Mark Hodgkins of ArcGen Hilta on the company's ambitious growth strategy

10 November 2011

Mark Hodgkins, chief executive of Arc-Gen.

Mark Hodgkins, chief executive of Arc-Gen.

ArcGen Hilta has been adding products to its range and acquiring companies. Murray Pollok met ArcGen’s chief executive Mark Hodgkins and asked about the long term strategy for the UK company.

It isn't uncommon for companies to set themselves ambitious growth targets; it's just that it is a lot easier to set targets than reach them. So when Mark Hodgkins, chief executive of UK-based ArcGen Hilta, tells IRN that he wants to triple revenues by 2015, with half generated outside the UK (compared to just 5% now), you are bound to respond with a simple question. How?

Well, there is a clue in his own background. Before joining Morris & Co, the family owned business that acquired ArcGen in 2006, Mr Hodgkins spent eight years as a mergers and acquisitions specialist with Ernst & Young. That expertise is evident in the way that ArcGen has changed since Morris took over.

Historically, the company was very strong in selling ArcGen branded welding sets in the UK and Ireland (supplied by Japanese manufacturer Denyo) and well as being Allmand's UK/Ireland agent for its lighting towers.

However, Mr Hodgkins says Morris acquired ArcGen in 2006 because it could see a real opportunity; "It was well run, but there was a lack of marketing and investment - it could have been a much bigger business. The first strategy was that we wanted to sell more products to the existing customer base."

That meant more acquisitions. Next up, in March 2008, was UK pump and pressure washer manufacturer Hilta. "After 12 months it didn't look like the greatest thing we had done, but now, it looks like it has paid off", says Mr Hodgkins, "In the last nine months Hilta has done better than ArcGen." He says Hilta now represents around half of all turnover (which is in the £5 to £10 million range), up from 30% at the time of the acquisition.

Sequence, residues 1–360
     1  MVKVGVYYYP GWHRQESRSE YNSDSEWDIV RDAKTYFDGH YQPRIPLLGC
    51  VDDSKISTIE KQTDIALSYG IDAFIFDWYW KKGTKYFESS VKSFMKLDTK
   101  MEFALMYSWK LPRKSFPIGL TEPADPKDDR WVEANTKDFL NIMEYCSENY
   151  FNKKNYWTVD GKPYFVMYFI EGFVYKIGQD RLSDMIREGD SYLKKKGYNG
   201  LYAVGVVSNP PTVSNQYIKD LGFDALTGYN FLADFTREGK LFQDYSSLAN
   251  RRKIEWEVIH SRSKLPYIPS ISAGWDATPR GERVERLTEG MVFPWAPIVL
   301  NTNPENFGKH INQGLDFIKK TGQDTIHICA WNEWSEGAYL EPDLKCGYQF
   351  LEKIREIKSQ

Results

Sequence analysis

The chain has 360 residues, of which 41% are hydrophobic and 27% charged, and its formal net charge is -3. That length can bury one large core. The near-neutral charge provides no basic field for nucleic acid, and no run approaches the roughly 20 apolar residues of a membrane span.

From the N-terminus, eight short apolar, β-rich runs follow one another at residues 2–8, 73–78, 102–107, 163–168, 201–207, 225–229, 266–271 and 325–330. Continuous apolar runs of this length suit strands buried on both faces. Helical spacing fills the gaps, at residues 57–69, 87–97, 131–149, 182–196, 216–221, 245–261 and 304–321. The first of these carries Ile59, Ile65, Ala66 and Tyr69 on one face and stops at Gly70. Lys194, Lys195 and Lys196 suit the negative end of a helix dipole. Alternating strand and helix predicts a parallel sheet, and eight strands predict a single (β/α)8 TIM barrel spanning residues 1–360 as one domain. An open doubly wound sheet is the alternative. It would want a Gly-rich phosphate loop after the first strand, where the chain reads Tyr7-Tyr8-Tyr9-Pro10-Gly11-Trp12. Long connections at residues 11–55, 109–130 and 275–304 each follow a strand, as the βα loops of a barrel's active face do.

The acquisition of lighting tower and genset supplier SMC followed last summer. "Assets are well priced now", Mr Hodgkins tells IRN, speaking in ArcGen's Perth office in Scotland, "It wasn't doing well, but not in a ‘near death' situation. They had good products, but it lacked investment and marketing and sales".

Mr Hodgkins says ArcGen, Hilta and SMC had all been starved of investment. While the company had to cut its costs - the workforce dropped from a peak of 60-65 before the recession to nearer 45 people - it invested in nine full time sales people and started to attend exhibitions again; 14 in the last year and a half.

"We're massively changed", he says, "This has brought profits down below what the vendors had, but we are investing in a long term future."

The SMC acquisition may have caused some confusion among UK customers, because ArcGen was already selling lighting towers through its agreement with US manufacturer Allmand. "I felt that SMC made very good products and competed well with any other lighting tower in the world", explains Mr Hodgkins, "So why not try to have control of your own brand? We don't have control of the Allmand brand."